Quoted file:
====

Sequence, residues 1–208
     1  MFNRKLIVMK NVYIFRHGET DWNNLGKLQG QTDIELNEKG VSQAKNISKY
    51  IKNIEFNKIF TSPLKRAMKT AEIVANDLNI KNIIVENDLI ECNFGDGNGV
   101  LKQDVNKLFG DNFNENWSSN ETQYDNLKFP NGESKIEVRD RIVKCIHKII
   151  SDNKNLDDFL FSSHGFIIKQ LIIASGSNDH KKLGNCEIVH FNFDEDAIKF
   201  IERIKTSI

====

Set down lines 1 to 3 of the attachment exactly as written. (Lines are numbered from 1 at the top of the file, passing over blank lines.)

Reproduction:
Sequence, residues 1–208
     1  MFNRKLIVMK NVYIFRHGET DWNNLGKLQG QTDIELNEKG VSQAKNISKY
    51  IKNIEFNKIF TSPLKRAMKT AEIVANDLNI KNIIVENDLI ECNFGDGNGV